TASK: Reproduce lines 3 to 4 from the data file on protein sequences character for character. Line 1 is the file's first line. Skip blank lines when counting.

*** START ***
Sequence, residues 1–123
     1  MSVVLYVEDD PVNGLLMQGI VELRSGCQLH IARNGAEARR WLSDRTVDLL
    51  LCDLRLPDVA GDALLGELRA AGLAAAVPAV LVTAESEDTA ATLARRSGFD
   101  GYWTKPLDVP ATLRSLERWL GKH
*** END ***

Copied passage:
    51  LCDLRLPDVA GDALLGELRA AGLAAAVPAV LVTAESEDTA ATLARRSGFD
   101  GYWTKPLDVP ATLRSLERWL GKH